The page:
Thursday, December 8, 2011

What Makes A Good Game

First, I see I've picked up two new suckers... er, I mean fans here at the Dangerous Games website. Welcome. Soon, through the power of the internet, and the mind control rays, you will be sending me money. Lots and lots of money. Then, I'll use that to finance my hedge fund, which is also a Ponzi scheme, and retire to the Cayman Islands after faking my death. And my mother says I have no ambition....

On to the question of the game concept. As I review my previous rantings, I see I've left out a key component of the "Who do you play, and what do you do?" platitude. And that key is the group. See, games are played by groups of people. You can play an RPG with just two people, but when I've done it, it's felt deeply weird.

So the thesis statement for this article is: A good game is one which involves a group of characters, of relatively equal power. (And this last point is key, too.)

One of the things WotC did right before they acquired LUG (which, by the way, is a story unto itself) was conduct market research. This was the first time this had ever been done, since no other game company had the kind of money to conduct market research before. TSR did, back in the day, but they apparently spent it on hookers and blow. Anyway, they discovered that games that supported group play were more successful than those that did not.

This seems like an obvious truism, but you'd be surprised how many game designers forget it. What do I mean?

The James Bond RPG was very cool. You may not remember it. It was the only game put out by Victory Games (a division of Avalon Hill). The art was amazing; they just screamed BOND! The game completely captured the tropes and elements of the James Bond series. The rules were tight. I think this was the first game to come up with car chase mechanics, and seduction rules. I loved this game way more than Top Secret (which suffered from the same flaw I'm about to reveal). But there is only one Bond. You never saw a movie or read a book where 007 got together with 006 and 005 to battle SMERSH. So one person played the double-0, and everyone else played... someone else. This meant fighting over who got to play the double-0, and who got to play the chick he was banging.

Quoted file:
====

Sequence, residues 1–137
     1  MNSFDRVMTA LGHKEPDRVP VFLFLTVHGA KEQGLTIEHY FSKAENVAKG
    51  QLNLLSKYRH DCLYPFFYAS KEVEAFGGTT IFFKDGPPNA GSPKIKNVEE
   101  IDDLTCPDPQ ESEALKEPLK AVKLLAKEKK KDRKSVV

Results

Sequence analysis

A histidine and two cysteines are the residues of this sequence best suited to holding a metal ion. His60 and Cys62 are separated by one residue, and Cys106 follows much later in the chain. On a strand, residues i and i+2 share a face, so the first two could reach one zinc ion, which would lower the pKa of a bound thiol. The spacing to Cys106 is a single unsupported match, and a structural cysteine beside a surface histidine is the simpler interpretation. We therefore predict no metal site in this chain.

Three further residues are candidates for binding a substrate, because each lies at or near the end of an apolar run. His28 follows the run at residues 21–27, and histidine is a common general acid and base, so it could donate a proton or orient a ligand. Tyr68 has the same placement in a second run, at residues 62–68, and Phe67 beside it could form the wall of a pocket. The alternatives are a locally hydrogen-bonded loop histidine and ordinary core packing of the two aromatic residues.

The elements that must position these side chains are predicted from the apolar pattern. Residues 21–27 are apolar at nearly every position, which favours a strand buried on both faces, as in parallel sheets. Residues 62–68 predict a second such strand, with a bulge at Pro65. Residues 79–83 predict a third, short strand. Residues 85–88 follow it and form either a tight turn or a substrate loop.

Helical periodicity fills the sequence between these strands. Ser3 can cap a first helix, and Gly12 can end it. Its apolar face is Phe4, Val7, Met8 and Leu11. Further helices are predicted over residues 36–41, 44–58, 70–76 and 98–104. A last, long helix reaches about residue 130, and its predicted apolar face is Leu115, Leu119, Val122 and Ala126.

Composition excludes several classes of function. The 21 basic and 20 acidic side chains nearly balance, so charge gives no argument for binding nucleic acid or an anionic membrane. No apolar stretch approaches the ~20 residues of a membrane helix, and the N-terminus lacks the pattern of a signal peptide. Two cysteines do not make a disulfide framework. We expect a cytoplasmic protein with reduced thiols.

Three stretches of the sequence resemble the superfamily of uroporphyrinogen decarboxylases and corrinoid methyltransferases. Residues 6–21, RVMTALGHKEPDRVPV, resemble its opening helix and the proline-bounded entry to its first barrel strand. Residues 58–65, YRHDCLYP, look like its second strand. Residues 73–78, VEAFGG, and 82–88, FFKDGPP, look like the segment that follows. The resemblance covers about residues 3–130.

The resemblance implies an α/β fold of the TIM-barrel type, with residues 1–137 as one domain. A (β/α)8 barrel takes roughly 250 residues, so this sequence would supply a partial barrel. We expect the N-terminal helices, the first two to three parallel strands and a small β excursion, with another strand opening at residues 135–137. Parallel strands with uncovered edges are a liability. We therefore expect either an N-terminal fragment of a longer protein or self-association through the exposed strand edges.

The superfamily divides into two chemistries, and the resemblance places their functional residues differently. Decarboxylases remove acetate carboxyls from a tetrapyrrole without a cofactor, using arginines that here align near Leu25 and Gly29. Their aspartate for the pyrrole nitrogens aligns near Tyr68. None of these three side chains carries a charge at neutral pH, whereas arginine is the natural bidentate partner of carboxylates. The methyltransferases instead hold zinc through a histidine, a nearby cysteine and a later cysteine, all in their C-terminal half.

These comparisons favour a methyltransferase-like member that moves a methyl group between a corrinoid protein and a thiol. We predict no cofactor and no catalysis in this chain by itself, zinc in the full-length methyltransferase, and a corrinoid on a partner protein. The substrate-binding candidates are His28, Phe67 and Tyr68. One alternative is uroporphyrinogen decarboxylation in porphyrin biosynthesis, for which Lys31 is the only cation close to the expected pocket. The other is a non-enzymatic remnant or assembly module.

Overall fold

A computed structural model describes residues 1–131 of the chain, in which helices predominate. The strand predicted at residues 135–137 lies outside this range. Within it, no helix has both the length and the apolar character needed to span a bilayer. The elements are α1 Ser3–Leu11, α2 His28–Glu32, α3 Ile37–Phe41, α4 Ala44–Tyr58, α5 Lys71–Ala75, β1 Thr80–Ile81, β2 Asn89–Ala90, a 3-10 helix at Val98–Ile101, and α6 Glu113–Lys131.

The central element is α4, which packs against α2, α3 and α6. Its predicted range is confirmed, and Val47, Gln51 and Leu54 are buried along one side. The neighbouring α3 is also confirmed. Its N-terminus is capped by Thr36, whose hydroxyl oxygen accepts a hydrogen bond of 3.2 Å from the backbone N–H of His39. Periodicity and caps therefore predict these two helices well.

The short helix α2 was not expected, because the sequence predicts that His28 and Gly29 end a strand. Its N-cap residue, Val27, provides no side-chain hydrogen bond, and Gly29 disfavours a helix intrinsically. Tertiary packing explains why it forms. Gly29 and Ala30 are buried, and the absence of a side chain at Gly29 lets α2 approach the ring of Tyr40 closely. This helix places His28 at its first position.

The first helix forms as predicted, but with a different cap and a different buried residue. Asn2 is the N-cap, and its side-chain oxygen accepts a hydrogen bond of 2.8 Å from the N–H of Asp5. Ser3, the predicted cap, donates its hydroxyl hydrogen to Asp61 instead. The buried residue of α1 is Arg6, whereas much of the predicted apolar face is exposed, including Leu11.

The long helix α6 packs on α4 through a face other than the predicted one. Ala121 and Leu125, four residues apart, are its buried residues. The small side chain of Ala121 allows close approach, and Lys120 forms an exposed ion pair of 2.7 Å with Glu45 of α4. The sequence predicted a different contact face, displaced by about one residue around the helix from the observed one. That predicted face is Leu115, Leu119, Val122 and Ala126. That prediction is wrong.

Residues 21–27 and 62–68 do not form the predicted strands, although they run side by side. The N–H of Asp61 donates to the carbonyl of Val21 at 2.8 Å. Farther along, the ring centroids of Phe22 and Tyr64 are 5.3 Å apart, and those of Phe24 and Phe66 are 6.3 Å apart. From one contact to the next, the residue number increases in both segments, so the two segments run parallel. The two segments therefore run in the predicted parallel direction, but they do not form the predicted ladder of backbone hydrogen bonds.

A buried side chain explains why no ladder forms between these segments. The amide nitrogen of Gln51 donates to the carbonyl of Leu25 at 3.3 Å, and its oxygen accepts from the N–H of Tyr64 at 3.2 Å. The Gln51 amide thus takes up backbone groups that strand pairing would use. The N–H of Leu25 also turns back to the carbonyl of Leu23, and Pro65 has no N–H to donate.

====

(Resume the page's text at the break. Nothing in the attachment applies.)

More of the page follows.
The Doctor Who RPG was similarly cool. It was produced by FASA (Hi, Lou!), and it also captured the spirit and tropes of that property. Who didn't want to grab a sonic screwdriver and fight Daleks? That was the problem. Everyone wanted to play a Time Lord; no one wanted to play the companion. The Doctor got all the cool stuff. And you never, ever saw two Time Lords on a mission together.

Dungeons & Dragons, on the other hand, supports group play very well. It took, as it's role model, Lord of the Rings. You've got four Hobbits, and Elf, a Dwarf, two Humans, and a Wizard running around on a quest. They go into dungeons (Khazad Dum) and fight massive battles (Helm's Deep); they go adventuring, as a group. So it's not a stretch to imagine a Cleric, Fighter, Thief, and Wizard going off on quests together.

Even if you're not basing your concept on an existing property or genre, you've got to consider the question of group play. Does your game adequately support a group of people doing things together?

(I would even argue that even if you're not basing your game on something else, you are basing it on something else. Every fantasy game, to some extent, is copying or emulating Lord of the Rings. Every superhero game is emulating X-men. Every cyberpunk game is emulating Snow Crash or Count Zero... It's on the designer's mind. I think the Armageddon RPG by Eden Studios fails because it's not really based on an existing milieu, for example. But that's a side issue.)

You know what would make a great RPG? G.I. Joe. You could play Hawk, Snake Eyes, and whomever fighting the latest machinations of Cobra. Another one would be Transformers. Again, a group of characters working together to adventure. I remember after WotC spent all that money acquiring Last Unicorn, wiring our offices with a T1 connection, and buying us all Aeron chairs, they Powers That Be decided that they weren't going to licence any more games, but were instead going to concentrate on their own properties. I've ranted about this before. It's deeply weird to me that WotC hasn't produced RPGs for some of Hasbro's best properties. Want another suggestion? How about a Power Rangers RPG?

Remember when I said relative power levels were key to this concept? Go ahead, scroll up. I'll wait. What really made playing Bond or Dr. Who so difficult was that one player was uber-powerful and the rest weren't. After all, Bond is Bond. He's the star of the show. He's been trained in all kinds of things -- he can fly a plane, defuse a nuke, shoot a gun, seduce the hot Russian girl spy... So he's built using 300 points, and to make him seem Bond-like everyone else is built on 150 points. Not fun. In Dungeons & Dragons, you rarely see someone who's 10th level adventuring with 2nd level characters. There's a reason for that. Everyone wants to have a relatively equal chance to accomplish stuff.

So, in sum, when you're coming up with your game concept, you have to think "is this a game that supports a group of players?" If it's not, if it's really only one main character surrounded by a bunch of lesser peons, then that game isn't going to succeed.

1 comment:

  1. Been lurking for a bit, but enjoying the posts quite a bit.

    Hope this fills out your comment quota for the day. :D